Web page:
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5 Considerations for Building a Successful Continuing Education Business

By October 16, 2019 No Comments

Written by: Matt Lee, VP of eCommerce & Integrations

When it comes to building an online continuing education business, many organizations take a Field of Dreams approach: If we build it, they will come.

It is true that you will need to build it and, if done correctly, they may come. However, it would be unwise to assume the latter just by simply doing the prior.

Marketing and selling courses online is no different than selling any other product. Whether you’re selling courses, shoes (Zappos), used goods (eBay) or just about anything (Amazon), it’s vital to have not only quality products but a great customer experience. This will not only drive new customer acquisition, it will create loyal customers that will return year after year to buy more.

A great customer experience is not the result of any particular software application or platform, it’s not the result of having the best product and it’s not the result of having superior customer service. It’s the confluence of these elements and a simple intuitive design all working together. As a tech veteran with over 15 years of experience designing shopping cart systems, creating integration with SaaS leaders like Salesforce.com and building customer-facing courses in a number of popular learning management systems, I’d like to share my 5 keys to success in building an online continuing education business.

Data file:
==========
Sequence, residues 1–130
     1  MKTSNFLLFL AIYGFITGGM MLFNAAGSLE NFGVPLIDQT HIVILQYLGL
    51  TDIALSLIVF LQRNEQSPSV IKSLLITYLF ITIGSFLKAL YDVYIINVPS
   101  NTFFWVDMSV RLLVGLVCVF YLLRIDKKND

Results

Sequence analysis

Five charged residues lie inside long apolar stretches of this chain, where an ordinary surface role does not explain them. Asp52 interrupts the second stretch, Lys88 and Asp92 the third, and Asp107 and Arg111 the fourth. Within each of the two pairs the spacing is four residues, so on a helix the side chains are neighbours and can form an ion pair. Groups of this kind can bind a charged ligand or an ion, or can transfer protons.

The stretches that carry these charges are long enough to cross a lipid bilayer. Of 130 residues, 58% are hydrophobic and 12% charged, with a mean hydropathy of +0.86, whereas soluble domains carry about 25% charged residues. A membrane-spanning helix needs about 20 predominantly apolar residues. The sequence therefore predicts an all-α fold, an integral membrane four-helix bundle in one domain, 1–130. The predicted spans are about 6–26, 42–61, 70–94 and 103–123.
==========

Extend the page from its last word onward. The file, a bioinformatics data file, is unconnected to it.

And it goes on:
1. Be Easily Discovered

Search Engine OptimizationThere are tens of thousands of online organizations vying for the billions of dollars that will be spent this year on continuing education. How will your organization stand out? Are you setting up a free Moodle site enabled with PayPal and hoping for the best? A learning management system should not be the face of your offering. While these systems are effective at delivering online education, sales and marketing powerhouses they are not.

Learning management systems (LMS) are a critical ingredient to a successful continuing education business. They are designed to manage students, enrollments, course structure and most importantly, the critical reporting that will be provided to your accrediting agency that gives your education value. LMS’s come in many shapes and sizes and each one claims its own unique way of driving student outcomes, which is why there are over 700 of them in the market. What they don’t do is bring learners to your business in the first place.

The key to being discovered is good old fashioned search engine optimization (SEO). LMS’s are closed systems that require user authentication for access to most content. The same applies to the bots and spiders that index the web. Since content is sitting behind user authentication, pages that are not open to the public get overlooked by popular indexing services like Google.

Sure, you can pay for Ads, but the most effective search is the result of organically curated information that tells customers that your organization is an expert and has customers that endorse that sentiment. Your site needs blogs, video testimonials, course samples, news releases, message boards and any other dynamic content that will continue to catch the attention of the bots that will push your listing to the top of search pages.

The online face of your program needs to be modern-looking, simple, responsive for mobile, integrated with social platforms and most importantly, updated regularly with industry-relevant information. Building these types of sites has never been easier. Platforms like WordPress, Drupal and Joomla are some of the most widely used systems, but there are newer and easier-to-use platforms to choose from as well. If you find those systems to be too complicated, try Wix, Squarespace, Weebly or Webflow. These platforms will allow you to build a professional website that is optimized for easy search indexing without having to overspend.

2. Persuasive Design